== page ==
FLAGSTAFF – Michael Floyd talks in clichés, although it doesn’t come across as rehearsed. Not after teammate
If Floyd has tangible goals, the Cardinals’ No. 1 draft pick is keeping them to himself. Numbers themselves aren’t what Floyd mentions when the idea of his initial impact can be.
“I just want to get on the field and be productive,” Floyd said. “I want to help the team any way I can. When the ball comes to me, it’s my time to make a play. They expect me to make a play and be successful and that’s what I’m going to do.”
The past five seasons, there have been 16 first-round wide receivers to play in the NFL as rookies (a 17th first-rounder, Robert Meachem, was injured his entire rookie campaign.) Their average production was 43 catches, 616 yards and four touchdowns.
Several have bettered those marks, although only two – Cincinnati’s A.J. Green, the No. 4 overall pick last year and Atlanta's Julio Jones, the No. 6 pick – have topped 800 yards. Rookie receivers, even the top choices, often don’t explode on the scene as can rookies at other positions. Detroit’s Calvin Johnson, for instance, only had 48 catches for 756 yards and four touchdowns in his first year.
Even Larry Fitzgerald wasn’t eye-popping as a first-year player, although his 58-780-8 line would be impressive if Floyd could match.
“Michael has a unique opportunity,” Fitzgerald said. “He’s not going to be asked to carry the full load. He’ll have a nice complementary role until he gets comfortable in there and he can get featured more and more. He’s confident in his ability, that’s what I really like about him.”
Fitzgerald, who like Floyd is from the Minneapolis-St. Paul area, has known Floyd for a long time. He is a believer in what Floyd can become. But everyone involved knows there are steps for Floyd to take. Veterans like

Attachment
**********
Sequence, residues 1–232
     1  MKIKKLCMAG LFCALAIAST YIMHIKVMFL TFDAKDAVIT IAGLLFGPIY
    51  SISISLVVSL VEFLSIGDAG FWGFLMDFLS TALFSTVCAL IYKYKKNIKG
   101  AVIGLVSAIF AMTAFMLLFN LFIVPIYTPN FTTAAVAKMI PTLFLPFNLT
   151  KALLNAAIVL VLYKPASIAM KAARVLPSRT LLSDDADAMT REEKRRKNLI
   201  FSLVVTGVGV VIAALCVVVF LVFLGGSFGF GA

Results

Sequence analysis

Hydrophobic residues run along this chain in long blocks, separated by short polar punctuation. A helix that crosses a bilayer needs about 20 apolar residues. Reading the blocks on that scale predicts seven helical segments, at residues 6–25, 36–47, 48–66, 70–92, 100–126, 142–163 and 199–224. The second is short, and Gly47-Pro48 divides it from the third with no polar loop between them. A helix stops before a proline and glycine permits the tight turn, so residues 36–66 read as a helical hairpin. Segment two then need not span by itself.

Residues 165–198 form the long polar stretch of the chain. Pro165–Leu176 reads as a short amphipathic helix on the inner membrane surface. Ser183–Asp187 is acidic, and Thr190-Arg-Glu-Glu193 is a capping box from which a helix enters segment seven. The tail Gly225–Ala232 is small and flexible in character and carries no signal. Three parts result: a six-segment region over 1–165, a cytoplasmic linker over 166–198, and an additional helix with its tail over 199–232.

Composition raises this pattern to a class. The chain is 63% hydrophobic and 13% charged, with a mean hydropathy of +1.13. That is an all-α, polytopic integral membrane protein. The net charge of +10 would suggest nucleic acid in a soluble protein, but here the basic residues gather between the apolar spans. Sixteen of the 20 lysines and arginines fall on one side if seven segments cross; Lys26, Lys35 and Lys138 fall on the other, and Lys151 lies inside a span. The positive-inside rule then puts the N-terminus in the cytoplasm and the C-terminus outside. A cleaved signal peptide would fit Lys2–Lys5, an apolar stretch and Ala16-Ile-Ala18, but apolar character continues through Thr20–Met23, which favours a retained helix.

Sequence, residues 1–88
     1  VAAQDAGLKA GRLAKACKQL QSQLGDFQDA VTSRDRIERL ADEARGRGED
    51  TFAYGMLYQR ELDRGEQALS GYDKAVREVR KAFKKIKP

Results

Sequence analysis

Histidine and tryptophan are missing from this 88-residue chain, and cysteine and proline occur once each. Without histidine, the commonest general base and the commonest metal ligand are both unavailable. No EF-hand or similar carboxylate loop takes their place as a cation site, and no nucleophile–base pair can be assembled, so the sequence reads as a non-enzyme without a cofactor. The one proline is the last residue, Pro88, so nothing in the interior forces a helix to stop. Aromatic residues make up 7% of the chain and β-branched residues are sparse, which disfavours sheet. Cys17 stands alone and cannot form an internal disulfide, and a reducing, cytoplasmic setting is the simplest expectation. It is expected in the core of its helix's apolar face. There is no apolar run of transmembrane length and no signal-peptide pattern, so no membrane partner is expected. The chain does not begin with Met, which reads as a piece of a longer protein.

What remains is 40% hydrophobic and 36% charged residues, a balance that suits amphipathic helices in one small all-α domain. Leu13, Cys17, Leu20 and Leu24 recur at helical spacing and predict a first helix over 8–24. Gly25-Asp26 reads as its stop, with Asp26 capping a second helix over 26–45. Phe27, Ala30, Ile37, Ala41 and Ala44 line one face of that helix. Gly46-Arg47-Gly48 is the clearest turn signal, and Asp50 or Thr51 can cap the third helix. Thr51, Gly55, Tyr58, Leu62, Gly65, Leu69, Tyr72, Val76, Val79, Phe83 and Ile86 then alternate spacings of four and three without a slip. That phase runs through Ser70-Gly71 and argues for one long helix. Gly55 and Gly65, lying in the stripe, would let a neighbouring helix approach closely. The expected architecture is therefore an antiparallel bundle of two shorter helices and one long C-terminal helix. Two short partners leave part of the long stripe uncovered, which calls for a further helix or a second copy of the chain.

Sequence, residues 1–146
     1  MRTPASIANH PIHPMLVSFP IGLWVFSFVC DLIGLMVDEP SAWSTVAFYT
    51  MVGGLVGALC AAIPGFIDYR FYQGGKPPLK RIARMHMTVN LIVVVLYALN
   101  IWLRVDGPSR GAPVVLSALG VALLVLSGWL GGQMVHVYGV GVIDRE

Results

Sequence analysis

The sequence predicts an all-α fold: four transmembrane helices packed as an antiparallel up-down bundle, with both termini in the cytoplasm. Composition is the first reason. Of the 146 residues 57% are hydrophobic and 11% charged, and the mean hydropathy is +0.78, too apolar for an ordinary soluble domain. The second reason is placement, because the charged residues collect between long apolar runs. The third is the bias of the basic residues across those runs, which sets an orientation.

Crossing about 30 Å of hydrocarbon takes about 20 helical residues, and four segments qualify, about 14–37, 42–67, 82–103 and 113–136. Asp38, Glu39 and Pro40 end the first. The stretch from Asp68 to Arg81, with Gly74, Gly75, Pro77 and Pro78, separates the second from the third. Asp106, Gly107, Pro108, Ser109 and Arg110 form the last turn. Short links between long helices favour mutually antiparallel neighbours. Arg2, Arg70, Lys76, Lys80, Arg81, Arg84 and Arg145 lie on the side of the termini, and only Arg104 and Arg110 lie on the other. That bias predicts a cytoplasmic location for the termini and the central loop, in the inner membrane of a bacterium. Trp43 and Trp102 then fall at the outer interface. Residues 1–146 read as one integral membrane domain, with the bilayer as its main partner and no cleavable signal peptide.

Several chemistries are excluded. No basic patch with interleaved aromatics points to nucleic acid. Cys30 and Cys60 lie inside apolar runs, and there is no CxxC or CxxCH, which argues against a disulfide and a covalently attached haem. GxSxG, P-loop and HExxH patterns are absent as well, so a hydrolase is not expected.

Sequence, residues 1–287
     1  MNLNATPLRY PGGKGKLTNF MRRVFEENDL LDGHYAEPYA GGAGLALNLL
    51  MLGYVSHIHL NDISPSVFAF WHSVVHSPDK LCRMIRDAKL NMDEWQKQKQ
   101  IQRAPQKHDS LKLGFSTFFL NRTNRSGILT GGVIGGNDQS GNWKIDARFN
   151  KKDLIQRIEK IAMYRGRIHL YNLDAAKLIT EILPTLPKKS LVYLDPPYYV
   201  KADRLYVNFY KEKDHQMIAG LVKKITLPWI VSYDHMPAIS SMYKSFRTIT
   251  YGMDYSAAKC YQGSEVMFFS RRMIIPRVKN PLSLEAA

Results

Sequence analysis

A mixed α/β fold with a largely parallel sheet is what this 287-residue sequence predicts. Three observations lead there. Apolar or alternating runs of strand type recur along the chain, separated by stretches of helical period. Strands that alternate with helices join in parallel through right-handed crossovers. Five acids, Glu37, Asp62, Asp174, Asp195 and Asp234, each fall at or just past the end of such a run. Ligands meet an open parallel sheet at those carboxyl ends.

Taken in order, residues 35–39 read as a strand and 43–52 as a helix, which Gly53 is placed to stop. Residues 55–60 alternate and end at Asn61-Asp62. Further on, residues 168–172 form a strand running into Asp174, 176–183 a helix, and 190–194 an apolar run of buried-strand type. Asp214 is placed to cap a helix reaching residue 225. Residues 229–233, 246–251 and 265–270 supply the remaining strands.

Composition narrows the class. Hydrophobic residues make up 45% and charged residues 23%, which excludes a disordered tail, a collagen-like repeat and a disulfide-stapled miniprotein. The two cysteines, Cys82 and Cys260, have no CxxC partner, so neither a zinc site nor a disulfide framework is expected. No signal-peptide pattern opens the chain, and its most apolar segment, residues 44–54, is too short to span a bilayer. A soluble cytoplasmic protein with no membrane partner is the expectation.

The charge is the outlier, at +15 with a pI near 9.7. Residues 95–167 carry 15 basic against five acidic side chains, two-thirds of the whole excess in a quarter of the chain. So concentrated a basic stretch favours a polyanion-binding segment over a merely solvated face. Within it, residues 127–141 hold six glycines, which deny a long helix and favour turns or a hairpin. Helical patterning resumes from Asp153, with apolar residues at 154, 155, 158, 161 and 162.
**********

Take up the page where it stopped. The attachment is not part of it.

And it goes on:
Floyd understands that. For the fans calling for Floyd to be in the starting lineup now – “I hear them,” he said – the Notre Dame product said “it doesn’t matter.”
“Andre, who I’m behind, is a great wide receiver,” Floyd said. “And Early. And Larry. It’s about developing. You can’t just come in here and start automatically, even if you are a first-round pick. You’ve got to make your way.”
The “three-year rule” – the idea most receivers needing three years to develop – is too general, Doucet said. Some players have that luxury to wait that long, some don’t. Doucet had Fitzgerald and Anquan Boldin in place during his 2008 rookie season, and when Steve Breaston emerged that year, Doucet’s pace slowed.
Coach Ken Whisenhunt isn’t thinking about Floyd being eased in as much as he sees a battle for playing time for all the receivers involved. If that happens to push Floyd to the top of the depth chart, so be it.
“There are rookies that have come in and from the first couple practices they are running with the ones,” offensive coordinator Mike Miller said. “But if it doesn’t happen, it’s not a discredit to anyone either. We said when we added Michael to the mix we were going to have great competition.”
Four-receiver formations this camp have featured the quartet of Fitzgerald, Roberts, Doucet and Floyd. Floyd’s blocking has impressed, Miller likes his progress thus far, and even if Floyd isn’t starting – which has never happened to him since he’s been playing football – he will be on the field.
His impact will be measured only in part by his statistics.
“He’s self-motivated,” Fitzgerald said. “He wants to be good. It’s not a lot of talk, it’s about work, and that’s what I like about him too. Not a lot of ‘extra.’ ”
Floyd isn’t sure how quickly he will assimilate into the NFL game. He doesn’t think his rookie status necessarily has to hold him back.
“I think it’s all about maturity and what you want out of yourself,” Floyd said. “I expect a lot of things out of myself. I expect to catch the ball every time it’s thrown my way. It’s the mindset one individual has – me – that when I come out there, I feel like I’m the best player.”